ERIC Number: ED244603
Record Type: RIE
Publication Date: 1984-Apr
Reference Count: 0
Inviting Success in Computer-Assisted Instruction.
This paper reviews briefly the essential characteristics of both invitational education and computer assisted instruction (CAI) and the ways in which coordination of these two models can produce stimulating and valuable educational experiences for students. A matrix illustrates the characteristics of CAI which can support the major values of invitational education, and a series of guidelines based on invitational theory are presented for designing educational software so as to maximize humanistic use of this medium. For example, it is suggested that programers design frames to communicate one message at a time and invite student decisions as to when to proceed to the next frame; provide brief, clear user messages which do not attempt to simulate human emotions; offer real not empty user choices; preassess student entry skills and attitudes and design systems to tailor presentations to each individual learner; invite students to map their own strategies; encourage learners to ask the computer for more information than that required to pass the tests; provide a choice of incentives and rewards to meet varying student needs for praise and direction; invite easy and direct user input with devices such as a touch screen, joystick, mouse, or light pen; invite students to create their own questions, illustrations, graphics, explanations, and tests; provide clear glossaries and generic help systems; invite open dialog between users and systems; and avoid the text-question-answer pattern that negates so many efforts in both machine and human mediated learning. A 20-item bibliography is provided. (ESR)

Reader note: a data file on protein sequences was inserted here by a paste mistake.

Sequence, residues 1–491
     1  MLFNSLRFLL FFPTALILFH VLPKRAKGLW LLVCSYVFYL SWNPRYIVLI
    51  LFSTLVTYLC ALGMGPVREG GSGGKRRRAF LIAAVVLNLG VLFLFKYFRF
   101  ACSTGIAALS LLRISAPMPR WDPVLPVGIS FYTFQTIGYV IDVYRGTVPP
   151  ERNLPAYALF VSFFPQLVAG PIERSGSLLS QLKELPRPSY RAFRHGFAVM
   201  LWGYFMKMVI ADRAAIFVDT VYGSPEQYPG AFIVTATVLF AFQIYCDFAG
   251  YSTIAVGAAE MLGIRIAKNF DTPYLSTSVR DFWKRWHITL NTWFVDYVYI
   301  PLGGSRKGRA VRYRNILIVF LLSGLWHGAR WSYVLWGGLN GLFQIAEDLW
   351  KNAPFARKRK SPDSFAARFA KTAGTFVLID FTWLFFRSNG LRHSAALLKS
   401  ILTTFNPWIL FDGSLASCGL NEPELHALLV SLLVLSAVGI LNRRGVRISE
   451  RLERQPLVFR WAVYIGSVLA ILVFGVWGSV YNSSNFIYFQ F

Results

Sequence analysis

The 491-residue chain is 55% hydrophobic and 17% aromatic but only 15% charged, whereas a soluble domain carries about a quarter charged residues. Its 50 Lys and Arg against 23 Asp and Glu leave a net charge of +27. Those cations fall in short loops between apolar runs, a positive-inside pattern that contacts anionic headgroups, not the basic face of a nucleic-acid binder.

Publication Type: Opinion Papers; Speeches/Meeting Papers
Education Level: N/A
Authoring Institution: N/A
Identifiers: Invitational Education
Note: Paper presented at the Annual Meeting of the American Educational Research Association (68th, New Orleans, LA, April 23-27, 1984).